According to recent media reports, Xi Jinping is about to accomplish a major reorganization of the PLA designed to give it a more modern, streamlined and joint command structure at the national and regional levels. In a speech at the commemoration on September 3, Xi announced that China would reduce the number of troops in the PLA by 300,000, but that is only a first step in a more ambitious reform and reorganization plan. Xi's intent to reform the PLA was made clear in a document the Chinese Communist Party released following the November 2013 Third Plenum of the 18th Central Committee.[1] The goal is a command structure that is better aligned with the PLA's missions and would improve its ability to successfully execute joint military operations (those involving two or more of the PLA's services). In short, the changes would be aimed at improving the PLA's ability to deter or coerce potential adversaries, and if necessary to fight and prevail in future wars. For many years, PLA strategists have seen a mismatch between the PLA's traditional organizational structure and the requirements of commanding such operations in a fast-paced, information-intensive military campaign against a capable adversary. There have been rumors about sweeping changes on a number of occasions, such as in January 2014 when Japanese media reported that the PLA was on the verge of restructuring its military region (MR) organizational system to reduce the number of MRs and make them more joint, but major organizational changes of the type reportedly about to be announced have been deferred, at least until now. This is presumably due in part to the complexity of the project, but perhaps even more so to opposition from parts of the military that stand to lose influence or otherwise see their power and resources diminished as a result of the reorganization.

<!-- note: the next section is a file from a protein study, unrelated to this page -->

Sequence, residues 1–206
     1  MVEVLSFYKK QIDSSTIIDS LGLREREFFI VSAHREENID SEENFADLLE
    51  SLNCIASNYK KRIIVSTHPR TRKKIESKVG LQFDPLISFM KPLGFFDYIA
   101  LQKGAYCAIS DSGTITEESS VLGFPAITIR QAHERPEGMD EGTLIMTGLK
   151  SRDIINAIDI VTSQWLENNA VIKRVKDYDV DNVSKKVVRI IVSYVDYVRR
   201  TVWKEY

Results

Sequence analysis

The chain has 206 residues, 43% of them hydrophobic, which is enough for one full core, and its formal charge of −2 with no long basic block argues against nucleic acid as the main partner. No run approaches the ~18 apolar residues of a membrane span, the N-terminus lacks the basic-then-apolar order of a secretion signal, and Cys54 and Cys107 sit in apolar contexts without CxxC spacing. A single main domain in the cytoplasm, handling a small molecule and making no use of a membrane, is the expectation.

If Xi succeeds where previous Chinese leaders have failed to achieve the desired results, one important reason could be the way his vigorous and unprecedented anti-corruption campaign has unfolded in the PLA in recent years, which has included many high-ranking targets, most notably former Central Military Commission (CMC) vice chairmen Xu Caihou and Gu Boxiong. Indeed, while there are a number of other reasons to move aggressively against rampant corruption, which has involved serious problems such as the buying and selling of promotions within the military, sidelining potential opposition to organizational change could turn out to be one of the most important. According to one retired PLA officer quoted in a Western media report, Xi Jinping “mainly employed the anti-corruption campaign in the military to form his absolute command over the army, so that his military restructuring plan can press ahead after being initially stalled.” As a result, according to the same officer, “Now, his authority in the army is solid enough for him to flesh out his vision to transform the military and set it on a path to emulate the U.S.”